Benching Metta World Peace Only Way for Mike D'Antoni's System to Work

Maxwell OgdenCorrespondent IIIDecember 19, 2012

LOS ANGELES, CA - DECEMBER 18:  Metta World Peace #15 of the Los Angeles Lakers steals the ball from Kemba Walker #15 of the Charlotte Bobcats in the first half at Staples Center on December 18, 2012 in Los Angeles, California. NOTE TO USER: User expressly acknowledges and agrees that, by downloading and or using this photograph, User is consenting to the terms and conditions of the Getty Images License Agreement.  (Photo by Jeff Gross/Getty Images)
Jeff Gross/Getty Images

When Pau Gasol returned to the starting lineup, it was a unanimous expectation that he would reclaim his role as the starting power forward. What no one expected, however, was the repercussion of Metta World Peace becoming a reserve.

With that being said, benching MWP is the only way for head coach Mike D'Antoni's system to work.

According to Mike Trudell of TWC SportsNet, coach D'Antoni appears to have bought into that train of thought. After relegating MWP to the role of a reserve against the Charlotte Bobcats, D'Antoni seemed to hint that the move is long-term.

This could slot Kobe Bryant and Jodie Meeks as the potential starters on the wings:

Since D'Antoni wants to leave MettaWP on the bench so he can play PF, D'Antoni doesn't mind starting Kobe/Meeks as the wings.

— Mike Trudell (@LakersReporter) December 19, 2012


Whether or not starting Bryant and Meeks together is the right move remains to be seen. Utilizing MWP as the sixth man, however, is an undeniably intelligent move.

Arash Markazi of ESPN Los Angeles reports that D'Antoni has made the move to make the game easier on World Peace's legs:

“I want (World Peace) to play the four,” D’Antoni said. “We have to be able to change our team. I hate it for Jordan Hill right now, because he's the odd man out. He's played well. He's a good player. But for us to have a different team, a different look, Metta has to play the four. If he starts at the three, then once I get him to the four, it's too many minutes for him. He needs rest. So that's a whole process. And I think Metta, going forward, once he gets more comfortable with the four role, will be very productive as a four and our team will be very productive.”

This may not be the move you'd expect, but World Peace is a great fit for the 4 under coach D'Antoni. From his defensive tenacity to his floor-spacing jump shooting, MWP's shift to the 4 could very well save the Lakers' season.

Even if it does damage Jordan Hill's chances of receiving his deserved playing time.


Bringing Back the Chip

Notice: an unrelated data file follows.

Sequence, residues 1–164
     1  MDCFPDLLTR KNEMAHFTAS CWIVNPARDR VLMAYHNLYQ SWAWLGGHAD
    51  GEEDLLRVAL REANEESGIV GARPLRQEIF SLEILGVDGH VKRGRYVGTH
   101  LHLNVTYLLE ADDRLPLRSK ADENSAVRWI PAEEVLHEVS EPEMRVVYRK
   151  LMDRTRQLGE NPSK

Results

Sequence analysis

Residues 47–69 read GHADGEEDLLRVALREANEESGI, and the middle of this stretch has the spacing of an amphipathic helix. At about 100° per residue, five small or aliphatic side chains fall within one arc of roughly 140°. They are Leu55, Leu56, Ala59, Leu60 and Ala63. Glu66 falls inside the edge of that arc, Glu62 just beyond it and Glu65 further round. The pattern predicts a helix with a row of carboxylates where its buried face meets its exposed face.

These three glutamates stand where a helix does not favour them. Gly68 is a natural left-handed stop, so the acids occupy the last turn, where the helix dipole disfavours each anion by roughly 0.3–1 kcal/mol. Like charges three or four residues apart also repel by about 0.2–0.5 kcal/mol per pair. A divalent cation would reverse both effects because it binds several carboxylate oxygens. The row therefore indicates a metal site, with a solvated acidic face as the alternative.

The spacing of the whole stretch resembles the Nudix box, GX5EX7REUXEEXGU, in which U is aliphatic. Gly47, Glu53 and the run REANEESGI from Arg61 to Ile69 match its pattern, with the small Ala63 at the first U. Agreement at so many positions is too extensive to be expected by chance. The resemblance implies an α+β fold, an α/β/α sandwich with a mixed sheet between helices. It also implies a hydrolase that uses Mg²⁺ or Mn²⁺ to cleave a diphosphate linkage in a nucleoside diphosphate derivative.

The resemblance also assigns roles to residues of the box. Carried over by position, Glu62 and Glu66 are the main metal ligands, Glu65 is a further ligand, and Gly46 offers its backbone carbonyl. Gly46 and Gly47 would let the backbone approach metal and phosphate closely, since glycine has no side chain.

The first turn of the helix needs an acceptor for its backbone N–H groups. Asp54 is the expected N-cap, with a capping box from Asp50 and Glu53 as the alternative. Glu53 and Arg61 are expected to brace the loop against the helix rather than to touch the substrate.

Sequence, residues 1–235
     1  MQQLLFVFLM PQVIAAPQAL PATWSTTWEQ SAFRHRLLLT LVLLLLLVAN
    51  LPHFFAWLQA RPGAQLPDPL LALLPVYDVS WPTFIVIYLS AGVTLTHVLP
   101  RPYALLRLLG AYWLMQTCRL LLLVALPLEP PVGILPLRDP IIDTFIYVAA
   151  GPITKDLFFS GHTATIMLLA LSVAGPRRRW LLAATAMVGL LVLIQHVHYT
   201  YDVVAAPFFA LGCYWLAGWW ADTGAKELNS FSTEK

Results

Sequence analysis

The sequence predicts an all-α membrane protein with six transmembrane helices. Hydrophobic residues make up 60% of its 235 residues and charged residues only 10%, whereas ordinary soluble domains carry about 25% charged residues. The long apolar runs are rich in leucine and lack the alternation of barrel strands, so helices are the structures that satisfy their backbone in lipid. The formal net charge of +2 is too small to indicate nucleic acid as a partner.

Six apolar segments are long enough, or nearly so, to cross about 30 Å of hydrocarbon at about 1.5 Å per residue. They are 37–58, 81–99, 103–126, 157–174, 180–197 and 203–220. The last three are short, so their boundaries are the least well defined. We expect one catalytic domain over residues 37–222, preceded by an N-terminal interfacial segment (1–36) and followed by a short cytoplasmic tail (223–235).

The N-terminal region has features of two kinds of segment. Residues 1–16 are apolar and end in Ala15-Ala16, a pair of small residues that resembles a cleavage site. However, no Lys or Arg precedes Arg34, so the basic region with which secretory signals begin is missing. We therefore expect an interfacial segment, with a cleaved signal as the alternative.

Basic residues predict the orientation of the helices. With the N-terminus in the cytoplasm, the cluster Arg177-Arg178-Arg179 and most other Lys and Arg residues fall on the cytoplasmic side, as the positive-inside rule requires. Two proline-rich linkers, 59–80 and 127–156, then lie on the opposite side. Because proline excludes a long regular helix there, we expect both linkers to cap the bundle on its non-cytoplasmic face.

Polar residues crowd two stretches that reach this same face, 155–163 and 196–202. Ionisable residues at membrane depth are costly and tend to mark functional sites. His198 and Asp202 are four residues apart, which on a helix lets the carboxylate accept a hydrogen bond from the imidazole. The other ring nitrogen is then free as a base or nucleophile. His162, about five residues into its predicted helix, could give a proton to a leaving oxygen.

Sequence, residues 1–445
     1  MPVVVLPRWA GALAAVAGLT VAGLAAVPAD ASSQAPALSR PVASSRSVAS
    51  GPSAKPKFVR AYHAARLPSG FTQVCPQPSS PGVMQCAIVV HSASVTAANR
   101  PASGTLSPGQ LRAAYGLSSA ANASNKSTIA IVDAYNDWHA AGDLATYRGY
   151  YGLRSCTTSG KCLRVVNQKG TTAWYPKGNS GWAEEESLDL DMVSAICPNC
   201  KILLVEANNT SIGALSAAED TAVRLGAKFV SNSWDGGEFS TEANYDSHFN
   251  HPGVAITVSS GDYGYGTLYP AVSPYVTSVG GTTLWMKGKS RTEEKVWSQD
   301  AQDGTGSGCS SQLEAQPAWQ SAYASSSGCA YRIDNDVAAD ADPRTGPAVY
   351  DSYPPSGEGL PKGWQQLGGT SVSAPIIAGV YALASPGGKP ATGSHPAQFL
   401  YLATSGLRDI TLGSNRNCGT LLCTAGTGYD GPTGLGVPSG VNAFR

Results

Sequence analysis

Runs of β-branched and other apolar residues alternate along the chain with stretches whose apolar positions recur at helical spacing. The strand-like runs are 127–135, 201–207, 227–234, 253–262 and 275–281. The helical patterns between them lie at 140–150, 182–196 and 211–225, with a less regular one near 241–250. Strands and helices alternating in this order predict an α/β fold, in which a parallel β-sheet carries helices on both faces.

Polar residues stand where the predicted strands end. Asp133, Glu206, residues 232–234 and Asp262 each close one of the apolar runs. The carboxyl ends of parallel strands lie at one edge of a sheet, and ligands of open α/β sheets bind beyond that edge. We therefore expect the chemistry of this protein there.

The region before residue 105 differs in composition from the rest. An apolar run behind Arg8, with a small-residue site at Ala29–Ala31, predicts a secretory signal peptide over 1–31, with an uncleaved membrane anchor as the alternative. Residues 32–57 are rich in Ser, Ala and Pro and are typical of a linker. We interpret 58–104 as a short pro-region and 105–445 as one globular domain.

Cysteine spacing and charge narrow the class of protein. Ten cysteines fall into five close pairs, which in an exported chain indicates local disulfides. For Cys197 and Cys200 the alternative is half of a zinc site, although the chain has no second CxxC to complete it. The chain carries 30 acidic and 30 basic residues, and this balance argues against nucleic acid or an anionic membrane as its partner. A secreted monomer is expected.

During his first game as a reserve, Metta World Peace showed the Charlotte Bobcats that his bad-boy mentality lives on.

Playing as a hybrid forward, MWP finished with 17 points, seven rebounds, four steals and four personal fouls. In other words, he was aggressive on both ends of the floor and played his most physical game of the season.

Expect more of the same in this role.

With a move to the bench, World Peace will see the chip return to his powerful shoulders. He'll be out to prove that he remains one of the better forwards in the game, all the while playing physical on- and off-ball defense.

The player formerly known as Ron Artest now has the motivation to leave it all on the court.


Athletic Wings

The key to Mike D'Antoni's system is having the necessary pieces to run the floor and score at a fast pace. Although Metta World Peace is in the best shape of his Lakers career, he pales in comparison to the likes of Jodie Meeks, Devin Ebanks and Earl Clark from an athletic standpoint.

Which is why he must play the 4 and allow said players to step in at small forward.

Meeks has already been speculated as an option to play in a small-ball lineup alongside Kobe Bryant. His elite three-point shooting complements quickness unparalleled by any other Laker.

Ebanks and Clark, meanwhile, have an uncanny ability to run the floor and leap out of the building. Something MWP can't do in the fashion he once did.


Floor Spacing

Against the Charlotte Bobcats, Metta World Peace shot just 2-of-10 from beyond the arc. Although the amount of attempts should be reduced, this is the level of aggression coach Mike D'Antoni desires from his 4.

MWP's job is to throw up the three-ball, space the floor and allow the pick-and-roll to flourish between where he and Jodie Meeks are located: the opposite corners.

For the season, World Peace is shooting 37.0 percent from three-point range. More importantly, Metta is shooting 42.2 percent on corner threes—the area he will be delegated to most often in this new role.

With World Peace placed in the area of the floor where he is at his best, his scoring efficiency should improve. More importantly, the Lakers' offense should thrive with a capable floor-spacer raining threes.

It may not be what World Peace likes to hear, but a move to the bench is the best possible move for the team and his career.